So, when the Heinzens, a family strongly interested in the paranormal, purchased the property in 2019, they officially marketed the home as The Conjuring house and opened its doors to paranormal investigators.

How The Conjuring House Became A Tourist Destination For Ghost-Hunters

Former Owners Of The Conjuring House

FacebookCory and Jennifer Heinzen, the former owners of The Conjuring house.

When Cory and Jennifer Heinzen purchased The Conjuring house in 2019, they obtained the property for less than $440,000. They fixed up the home and decided to allow paranormal investigators — or anyone who was interested in the house — to visit the supposedly haunted location.

Of course, just months after they purchased the property, the COVID-19 pandemic began. But despite the temporary drop in tourism, the Heinzens still found themselves overwhelmed with requests from visitors to tour The Conjuring house. Some guests even spent the night in the home.

Eventually, the Heinzens realized they had bit off more than they could chew. When they listed the house for sale in September 2021, they said they wanted to meet with prospective buyers, hoping to find someone with similar interests who would keep the paranormal business going.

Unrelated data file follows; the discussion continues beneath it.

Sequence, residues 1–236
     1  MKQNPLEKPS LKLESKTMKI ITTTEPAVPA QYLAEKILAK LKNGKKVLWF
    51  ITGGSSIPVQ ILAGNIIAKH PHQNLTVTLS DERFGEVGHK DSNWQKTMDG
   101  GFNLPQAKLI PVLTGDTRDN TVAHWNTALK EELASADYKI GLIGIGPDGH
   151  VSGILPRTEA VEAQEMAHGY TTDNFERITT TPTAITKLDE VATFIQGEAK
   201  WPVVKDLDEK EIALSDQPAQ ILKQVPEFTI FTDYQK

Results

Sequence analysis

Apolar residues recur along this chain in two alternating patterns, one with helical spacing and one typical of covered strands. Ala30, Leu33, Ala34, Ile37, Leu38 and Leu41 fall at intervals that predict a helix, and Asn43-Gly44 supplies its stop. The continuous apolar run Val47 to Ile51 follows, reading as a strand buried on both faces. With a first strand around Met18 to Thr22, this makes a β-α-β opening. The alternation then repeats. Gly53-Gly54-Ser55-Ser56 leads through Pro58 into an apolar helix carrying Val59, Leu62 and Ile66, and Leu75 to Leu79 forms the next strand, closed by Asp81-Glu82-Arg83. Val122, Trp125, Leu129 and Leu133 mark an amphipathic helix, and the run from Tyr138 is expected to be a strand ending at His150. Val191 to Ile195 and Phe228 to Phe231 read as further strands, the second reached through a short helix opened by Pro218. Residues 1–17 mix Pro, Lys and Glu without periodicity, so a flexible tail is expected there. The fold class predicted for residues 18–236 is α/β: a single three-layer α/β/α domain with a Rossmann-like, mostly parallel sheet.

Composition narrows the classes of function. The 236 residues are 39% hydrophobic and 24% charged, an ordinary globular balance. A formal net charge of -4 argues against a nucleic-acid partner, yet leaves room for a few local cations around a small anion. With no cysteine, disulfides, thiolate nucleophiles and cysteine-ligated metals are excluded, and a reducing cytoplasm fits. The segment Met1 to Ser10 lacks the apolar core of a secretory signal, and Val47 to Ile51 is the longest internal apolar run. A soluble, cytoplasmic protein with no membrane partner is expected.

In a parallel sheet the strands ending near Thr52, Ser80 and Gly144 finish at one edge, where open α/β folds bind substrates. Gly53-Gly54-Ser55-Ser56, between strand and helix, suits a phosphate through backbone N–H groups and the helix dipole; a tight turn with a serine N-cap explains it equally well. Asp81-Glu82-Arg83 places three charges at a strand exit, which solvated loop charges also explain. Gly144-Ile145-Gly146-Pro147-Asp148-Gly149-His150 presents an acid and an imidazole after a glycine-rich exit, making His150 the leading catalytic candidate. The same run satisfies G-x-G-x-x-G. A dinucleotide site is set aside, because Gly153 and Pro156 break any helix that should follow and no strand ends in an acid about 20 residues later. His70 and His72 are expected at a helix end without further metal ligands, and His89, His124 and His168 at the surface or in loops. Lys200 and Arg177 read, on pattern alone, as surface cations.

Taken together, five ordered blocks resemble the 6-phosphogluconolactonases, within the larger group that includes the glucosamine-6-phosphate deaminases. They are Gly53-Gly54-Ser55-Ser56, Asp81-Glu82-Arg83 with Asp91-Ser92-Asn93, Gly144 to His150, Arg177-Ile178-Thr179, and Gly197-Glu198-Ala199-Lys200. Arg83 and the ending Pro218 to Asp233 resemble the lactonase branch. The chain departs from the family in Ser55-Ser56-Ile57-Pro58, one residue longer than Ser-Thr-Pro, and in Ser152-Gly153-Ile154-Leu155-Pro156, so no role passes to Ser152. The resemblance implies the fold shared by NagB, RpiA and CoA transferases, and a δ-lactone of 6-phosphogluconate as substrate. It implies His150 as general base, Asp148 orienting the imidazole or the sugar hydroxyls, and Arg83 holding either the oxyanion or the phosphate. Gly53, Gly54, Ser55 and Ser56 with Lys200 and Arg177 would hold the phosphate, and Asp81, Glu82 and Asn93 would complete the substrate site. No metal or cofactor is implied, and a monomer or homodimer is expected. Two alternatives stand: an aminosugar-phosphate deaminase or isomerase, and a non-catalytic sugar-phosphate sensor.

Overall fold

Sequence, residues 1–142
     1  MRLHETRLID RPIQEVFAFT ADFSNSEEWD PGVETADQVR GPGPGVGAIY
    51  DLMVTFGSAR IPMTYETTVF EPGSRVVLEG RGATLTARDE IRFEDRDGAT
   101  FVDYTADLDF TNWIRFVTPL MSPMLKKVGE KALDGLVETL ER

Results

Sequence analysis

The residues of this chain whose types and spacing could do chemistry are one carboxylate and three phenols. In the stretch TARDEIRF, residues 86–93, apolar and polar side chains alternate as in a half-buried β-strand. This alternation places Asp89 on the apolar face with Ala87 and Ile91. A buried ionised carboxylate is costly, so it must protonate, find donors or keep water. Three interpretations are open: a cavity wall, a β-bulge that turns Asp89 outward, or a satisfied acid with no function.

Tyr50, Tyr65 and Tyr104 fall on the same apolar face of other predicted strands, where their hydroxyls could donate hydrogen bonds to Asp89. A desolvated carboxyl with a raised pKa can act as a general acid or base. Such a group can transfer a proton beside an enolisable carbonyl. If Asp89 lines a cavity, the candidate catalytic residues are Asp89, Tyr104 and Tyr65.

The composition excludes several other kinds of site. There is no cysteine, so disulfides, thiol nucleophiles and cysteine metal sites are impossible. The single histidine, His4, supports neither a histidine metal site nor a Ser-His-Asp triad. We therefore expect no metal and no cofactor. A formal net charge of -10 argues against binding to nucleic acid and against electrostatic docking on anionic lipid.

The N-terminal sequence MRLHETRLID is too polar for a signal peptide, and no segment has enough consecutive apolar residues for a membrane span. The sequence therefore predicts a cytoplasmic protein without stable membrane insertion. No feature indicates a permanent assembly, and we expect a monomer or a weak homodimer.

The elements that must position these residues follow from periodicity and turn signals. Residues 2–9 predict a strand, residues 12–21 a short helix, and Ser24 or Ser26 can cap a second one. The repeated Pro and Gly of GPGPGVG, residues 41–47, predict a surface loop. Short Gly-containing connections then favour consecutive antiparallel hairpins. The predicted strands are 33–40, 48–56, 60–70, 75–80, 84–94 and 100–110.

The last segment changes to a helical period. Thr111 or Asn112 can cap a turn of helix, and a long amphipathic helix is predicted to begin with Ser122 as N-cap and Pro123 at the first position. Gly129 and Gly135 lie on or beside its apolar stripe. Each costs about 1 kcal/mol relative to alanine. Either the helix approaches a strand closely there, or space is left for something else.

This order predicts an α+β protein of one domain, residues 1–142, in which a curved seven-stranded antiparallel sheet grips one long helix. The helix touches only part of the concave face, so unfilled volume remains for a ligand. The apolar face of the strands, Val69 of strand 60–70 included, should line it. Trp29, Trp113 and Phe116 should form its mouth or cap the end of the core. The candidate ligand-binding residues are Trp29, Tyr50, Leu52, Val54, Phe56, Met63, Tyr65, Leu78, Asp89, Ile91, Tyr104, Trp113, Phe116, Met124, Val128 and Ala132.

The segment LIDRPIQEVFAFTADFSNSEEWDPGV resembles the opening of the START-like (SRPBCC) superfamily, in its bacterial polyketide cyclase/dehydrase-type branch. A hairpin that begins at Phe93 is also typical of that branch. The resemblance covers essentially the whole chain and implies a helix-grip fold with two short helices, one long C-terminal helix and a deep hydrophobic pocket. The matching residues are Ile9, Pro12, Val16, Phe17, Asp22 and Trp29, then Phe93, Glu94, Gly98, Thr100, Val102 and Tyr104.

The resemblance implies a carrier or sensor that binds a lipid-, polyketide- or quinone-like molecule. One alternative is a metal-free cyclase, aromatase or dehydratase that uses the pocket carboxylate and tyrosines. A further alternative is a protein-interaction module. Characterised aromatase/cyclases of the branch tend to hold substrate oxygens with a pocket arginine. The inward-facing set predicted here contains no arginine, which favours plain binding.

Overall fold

That's when they met Jacqueline Nuñez, a property developer from Boston who, like the Heinzens, has a fervent belief in the paranormal.

"I came to visit and thought, 'I have to have this house,'" Nuñez told The Boston Globe. "This purchase is personal for me. It's not a real estate development. It's around my own beliefs."

Andrea Perron At The Conjuring House

FacebookAndrea Perron back at her family's former home, The Conjuring house.

Nuñez ultimately bought the property for over $1.5 million, pledging to continue the paranormal business that the Heinzens had started. At night, guests can partake in paranormal investigations. During the day, they can tour the home. The Heinzens, too, remain involved in operations.